"Mamas, Don't Let Your Babies Grow Up to be Smugglers" was first published by The Texas Tribune, a nonprofit, nonpartisan media organization that informs Texans — and engages with them — about public policy, politics, government and statewide issues.
Mexican drug cartels are luring young students into the narco-trade with promises of cars, cash and celebrity, say state police who want parents to intervene.
“It is more important than ever that parents be aware of these risks, talk to their children and pay attention to any signs that they may have become involved in illegal activities,” Steve McCraw, director of the Texas Department of Public Safety, said Tuesday.
The warning comes as law enforcement officials report an increase in the number of teens from both Mexico and the United States becoming involved in human and drug trafficking. In 2008, minors accounted for nearly a fifth of the felony drug charges and gang-related arrests in border counties, according to DPS. In Juarez, just across the border from El Paso, more than 130 minors have been killed in drug-related violence in the past year, according to a Washington Post report earlier this month.
Mexican cartels are increasingly using kids to transport both people and drugs because young traffickers are less likely to be apprehended. Mark Qualia, U.S. Customs and Border Protection spokesman in Washington, said federal border officials historically have not tracked the number of undocumented minors apprehended for trafficking. Most, he said, are simply deported.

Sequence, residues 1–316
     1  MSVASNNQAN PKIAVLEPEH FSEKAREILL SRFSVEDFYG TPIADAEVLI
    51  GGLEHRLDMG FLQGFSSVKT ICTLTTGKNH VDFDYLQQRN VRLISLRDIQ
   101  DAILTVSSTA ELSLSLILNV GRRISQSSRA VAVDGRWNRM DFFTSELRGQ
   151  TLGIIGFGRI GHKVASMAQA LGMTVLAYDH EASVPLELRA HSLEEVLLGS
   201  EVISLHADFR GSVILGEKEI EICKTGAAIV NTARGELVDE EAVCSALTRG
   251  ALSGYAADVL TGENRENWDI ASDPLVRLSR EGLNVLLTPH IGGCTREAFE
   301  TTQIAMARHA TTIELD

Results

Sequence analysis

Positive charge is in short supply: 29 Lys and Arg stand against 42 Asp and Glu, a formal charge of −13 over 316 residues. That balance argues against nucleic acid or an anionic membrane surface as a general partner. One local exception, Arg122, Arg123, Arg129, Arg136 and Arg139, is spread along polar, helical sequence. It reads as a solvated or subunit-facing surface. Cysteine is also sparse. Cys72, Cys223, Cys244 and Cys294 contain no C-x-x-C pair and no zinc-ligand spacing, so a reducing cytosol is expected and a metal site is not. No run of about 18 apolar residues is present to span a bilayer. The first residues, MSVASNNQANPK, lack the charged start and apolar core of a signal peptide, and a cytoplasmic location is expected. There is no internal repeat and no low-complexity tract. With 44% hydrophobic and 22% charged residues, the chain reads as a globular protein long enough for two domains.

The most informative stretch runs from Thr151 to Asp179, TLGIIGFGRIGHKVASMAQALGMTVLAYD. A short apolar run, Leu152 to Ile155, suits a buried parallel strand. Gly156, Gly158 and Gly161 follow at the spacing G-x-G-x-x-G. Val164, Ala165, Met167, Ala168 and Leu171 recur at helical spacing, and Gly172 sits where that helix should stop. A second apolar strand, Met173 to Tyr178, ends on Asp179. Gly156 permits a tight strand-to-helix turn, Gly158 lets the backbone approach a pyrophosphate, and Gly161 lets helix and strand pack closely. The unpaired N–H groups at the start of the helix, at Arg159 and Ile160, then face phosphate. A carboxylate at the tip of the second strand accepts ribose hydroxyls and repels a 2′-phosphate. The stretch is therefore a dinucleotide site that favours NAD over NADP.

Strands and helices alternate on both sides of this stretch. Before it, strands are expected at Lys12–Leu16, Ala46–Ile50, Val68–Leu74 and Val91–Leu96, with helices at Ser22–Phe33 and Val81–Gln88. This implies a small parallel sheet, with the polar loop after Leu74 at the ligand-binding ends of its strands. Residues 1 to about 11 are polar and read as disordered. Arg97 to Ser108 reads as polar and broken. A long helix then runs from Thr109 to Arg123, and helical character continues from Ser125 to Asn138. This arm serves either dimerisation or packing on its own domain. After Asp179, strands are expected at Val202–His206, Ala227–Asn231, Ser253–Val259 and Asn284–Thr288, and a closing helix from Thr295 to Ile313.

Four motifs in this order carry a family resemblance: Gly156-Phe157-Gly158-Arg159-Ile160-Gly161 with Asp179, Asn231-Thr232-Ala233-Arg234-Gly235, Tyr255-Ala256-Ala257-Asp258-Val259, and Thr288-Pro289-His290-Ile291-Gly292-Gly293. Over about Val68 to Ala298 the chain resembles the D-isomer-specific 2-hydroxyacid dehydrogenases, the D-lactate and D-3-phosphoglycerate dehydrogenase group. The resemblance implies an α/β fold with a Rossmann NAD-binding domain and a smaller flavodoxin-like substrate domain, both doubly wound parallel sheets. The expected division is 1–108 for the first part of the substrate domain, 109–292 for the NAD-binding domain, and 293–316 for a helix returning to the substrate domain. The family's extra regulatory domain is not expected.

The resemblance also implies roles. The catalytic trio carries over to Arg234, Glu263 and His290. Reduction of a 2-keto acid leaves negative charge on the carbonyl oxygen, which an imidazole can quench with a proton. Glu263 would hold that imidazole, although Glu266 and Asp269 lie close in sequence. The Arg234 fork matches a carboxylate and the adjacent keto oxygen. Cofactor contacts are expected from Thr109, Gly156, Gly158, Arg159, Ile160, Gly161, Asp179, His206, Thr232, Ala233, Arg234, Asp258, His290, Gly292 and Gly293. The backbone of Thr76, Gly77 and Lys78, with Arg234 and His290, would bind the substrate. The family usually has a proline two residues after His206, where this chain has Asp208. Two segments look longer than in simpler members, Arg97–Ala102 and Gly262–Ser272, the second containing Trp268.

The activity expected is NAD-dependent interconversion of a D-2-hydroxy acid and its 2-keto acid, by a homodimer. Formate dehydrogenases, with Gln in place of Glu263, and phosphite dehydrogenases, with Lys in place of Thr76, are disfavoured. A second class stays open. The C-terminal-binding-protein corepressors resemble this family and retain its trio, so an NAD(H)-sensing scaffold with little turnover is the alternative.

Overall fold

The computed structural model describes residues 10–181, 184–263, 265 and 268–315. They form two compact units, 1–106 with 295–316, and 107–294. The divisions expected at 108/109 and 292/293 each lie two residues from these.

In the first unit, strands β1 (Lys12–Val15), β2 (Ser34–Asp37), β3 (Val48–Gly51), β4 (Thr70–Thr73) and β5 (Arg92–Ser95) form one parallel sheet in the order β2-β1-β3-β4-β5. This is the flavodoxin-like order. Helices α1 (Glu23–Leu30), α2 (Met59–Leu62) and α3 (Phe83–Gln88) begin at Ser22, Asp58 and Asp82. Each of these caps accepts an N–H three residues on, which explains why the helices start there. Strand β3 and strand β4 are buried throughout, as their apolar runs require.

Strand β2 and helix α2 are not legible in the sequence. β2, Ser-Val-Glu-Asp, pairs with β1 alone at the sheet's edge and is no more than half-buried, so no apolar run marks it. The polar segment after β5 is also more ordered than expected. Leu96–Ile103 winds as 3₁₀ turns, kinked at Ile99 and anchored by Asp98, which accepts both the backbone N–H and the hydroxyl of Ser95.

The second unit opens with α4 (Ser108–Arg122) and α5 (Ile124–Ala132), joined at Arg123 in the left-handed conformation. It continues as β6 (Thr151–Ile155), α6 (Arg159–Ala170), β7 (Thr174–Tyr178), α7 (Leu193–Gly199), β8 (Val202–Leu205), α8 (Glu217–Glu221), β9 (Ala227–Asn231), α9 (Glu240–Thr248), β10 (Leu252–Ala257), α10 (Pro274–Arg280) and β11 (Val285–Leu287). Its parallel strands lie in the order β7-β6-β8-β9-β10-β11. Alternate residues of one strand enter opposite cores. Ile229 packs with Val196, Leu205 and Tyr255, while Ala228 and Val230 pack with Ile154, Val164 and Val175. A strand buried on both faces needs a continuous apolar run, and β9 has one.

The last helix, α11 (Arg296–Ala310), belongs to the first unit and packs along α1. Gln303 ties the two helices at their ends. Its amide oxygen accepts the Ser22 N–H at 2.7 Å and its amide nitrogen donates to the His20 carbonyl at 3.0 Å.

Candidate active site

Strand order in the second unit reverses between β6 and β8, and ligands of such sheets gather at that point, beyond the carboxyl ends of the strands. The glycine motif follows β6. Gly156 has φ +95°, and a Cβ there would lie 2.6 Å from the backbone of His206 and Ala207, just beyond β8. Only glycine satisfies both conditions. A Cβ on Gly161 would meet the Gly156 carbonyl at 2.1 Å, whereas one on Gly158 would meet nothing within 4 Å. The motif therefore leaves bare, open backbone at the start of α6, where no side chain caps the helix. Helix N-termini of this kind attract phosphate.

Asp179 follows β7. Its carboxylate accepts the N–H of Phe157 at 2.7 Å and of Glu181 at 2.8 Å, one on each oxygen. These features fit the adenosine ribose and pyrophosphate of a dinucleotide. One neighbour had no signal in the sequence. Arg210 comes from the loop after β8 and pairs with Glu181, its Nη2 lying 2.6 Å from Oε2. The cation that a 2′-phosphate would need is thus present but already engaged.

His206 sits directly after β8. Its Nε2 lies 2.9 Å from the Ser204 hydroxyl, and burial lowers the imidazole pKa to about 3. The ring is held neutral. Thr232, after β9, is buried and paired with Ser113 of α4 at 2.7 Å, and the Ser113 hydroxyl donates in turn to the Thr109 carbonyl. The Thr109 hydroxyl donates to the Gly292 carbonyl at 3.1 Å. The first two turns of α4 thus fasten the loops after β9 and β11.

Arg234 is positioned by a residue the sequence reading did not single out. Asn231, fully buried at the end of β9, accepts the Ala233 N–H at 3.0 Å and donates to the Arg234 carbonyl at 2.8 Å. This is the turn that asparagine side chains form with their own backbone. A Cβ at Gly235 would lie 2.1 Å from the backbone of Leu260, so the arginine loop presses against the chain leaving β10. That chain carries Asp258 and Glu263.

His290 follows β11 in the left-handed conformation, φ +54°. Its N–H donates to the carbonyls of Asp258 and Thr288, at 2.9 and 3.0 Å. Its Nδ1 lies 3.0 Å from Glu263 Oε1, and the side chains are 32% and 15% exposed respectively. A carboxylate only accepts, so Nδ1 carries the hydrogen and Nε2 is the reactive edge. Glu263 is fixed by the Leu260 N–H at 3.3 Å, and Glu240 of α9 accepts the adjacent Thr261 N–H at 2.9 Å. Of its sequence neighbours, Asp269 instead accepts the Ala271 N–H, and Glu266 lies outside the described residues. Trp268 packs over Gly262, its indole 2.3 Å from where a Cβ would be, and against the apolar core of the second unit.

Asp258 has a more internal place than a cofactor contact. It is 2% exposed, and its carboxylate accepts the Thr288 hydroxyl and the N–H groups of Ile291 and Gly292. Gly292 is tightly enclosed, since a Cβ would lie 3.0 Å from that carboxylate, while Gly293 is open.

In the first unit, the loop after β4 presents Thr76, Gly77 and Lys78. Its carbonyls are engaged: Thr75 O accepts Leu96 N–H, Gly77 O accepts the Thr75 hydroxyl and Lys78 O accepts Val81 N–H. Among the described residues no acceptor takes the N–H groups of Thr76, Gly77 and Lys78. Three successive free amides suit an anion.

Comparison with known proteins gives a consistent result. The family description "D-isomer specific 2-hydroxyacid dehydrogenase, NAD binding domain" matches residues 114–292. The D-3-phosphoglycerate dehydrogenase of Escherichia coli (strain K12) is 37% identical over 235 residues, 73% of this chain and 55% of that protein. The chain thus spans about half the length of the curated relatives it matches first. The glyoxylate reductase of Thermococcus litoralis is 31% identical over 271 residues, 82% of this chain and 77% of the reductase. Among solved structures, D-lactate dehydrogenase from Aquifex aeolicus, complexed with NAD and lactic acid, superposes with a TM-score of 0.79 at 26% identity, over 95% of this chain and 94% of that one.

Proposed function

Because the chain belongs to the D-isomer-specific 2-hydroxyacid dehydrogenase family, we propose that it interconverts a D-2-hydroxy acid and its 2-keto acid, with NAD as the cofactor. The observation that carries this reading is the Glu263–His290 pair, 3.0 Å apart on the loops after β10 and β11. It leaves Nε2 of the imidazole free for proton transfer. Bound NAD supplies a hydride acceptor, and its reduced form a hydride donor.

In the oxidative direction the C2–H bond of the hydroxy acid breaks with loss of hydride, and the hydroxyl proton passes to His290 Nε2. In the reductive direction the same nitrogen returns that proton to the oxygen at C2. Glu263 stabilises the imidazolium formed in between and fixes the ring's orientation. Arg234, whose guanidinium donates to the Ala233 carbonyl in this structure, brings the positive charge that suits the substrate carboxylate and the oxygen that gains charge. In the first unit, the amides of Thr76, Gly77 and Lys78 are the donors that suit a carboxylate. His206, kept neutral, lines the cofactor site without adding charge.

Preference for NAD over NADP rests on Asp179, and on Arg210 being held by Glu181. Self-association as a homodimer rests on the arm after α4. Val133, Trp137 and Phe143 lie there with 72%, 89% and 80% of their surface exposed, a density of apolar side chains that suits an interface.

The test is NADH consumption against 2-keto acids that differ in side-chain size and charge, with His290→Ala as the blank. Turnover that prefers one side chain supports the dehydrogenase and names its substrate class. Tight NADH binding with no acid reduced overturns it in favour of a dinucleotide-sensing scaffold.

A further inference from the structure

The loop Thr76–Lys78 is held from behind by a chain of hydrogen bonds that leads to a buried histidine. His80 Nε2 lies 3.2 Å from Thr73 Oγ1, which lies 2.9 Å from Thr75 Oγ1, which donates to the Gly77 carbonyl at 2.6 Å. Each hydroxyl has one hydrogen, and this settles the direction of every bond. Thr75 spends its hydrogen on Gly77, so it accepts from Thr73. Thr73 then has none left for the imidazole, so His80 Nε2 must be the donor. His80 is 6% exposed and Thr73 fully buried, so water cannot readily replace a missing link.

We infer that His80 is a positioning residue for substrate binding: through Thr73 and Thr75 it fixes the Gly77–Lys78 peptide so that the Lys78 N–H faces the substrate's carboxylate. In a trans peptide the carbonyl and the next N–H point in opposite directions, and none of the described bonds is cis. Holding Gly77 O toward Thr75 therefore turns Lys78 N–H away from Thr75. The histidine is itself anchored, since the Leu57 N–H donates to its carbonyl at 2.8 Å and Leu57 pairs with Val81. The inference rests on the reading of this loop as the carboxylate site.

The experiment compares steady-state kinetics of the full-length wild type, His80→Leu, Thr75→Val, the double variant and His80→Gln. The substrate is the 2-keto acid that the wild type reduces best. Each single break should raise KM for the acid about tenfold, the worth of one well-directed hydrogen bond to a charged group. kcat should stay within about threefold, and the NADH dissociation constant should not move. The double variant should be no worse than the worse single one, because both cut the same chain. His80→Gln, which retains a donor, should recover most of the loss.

“Your smuggling organizations have come to realize that they don’t lose a potential courier — because if it’s a juvenile, nine times out of 10, they’ll be released,” Qualia said. Last month, Qualia said, Border Patrol began testing a system to track youths arrested in suspected trafficking incidents to identify repeat offenders.
This spring, Border Patrol agents started going into Texas border high schools and issuing graphic warnings to students about the dangers of the drug trade. In addition to warning of jail time, the agents show a video dramatization of youths who start smuggling marijuana for the cartels. The kids lose a load, and the drug lords come after them. One of the teens gets executed.
Though it’s too early to tell what effect the presentations are having, CBP spokesman Dennis Smith in Del Rio said the program has been expanded from Del Rio to the entire southwest border. “There’s some pretty compelling footage in there that was taken actually from drug smugglers, where it talks about how people who get involved, they could end up being tortured and killed,” he said.
Texas law enforcement officials are worried cartels will move their recruitment operations to schools north of the border. Parents should keep an eye on teens who start buying fancier clothes or driving nicer cars than they should be able to afford, said DPS spokeswoman Tela Mange.
“Some of these kids, they’re real vulnerable, and they may be looking for money or they may be looking for someone to fit in with,” she said, “but that would be the wrong group of people to choose to hang around with.”
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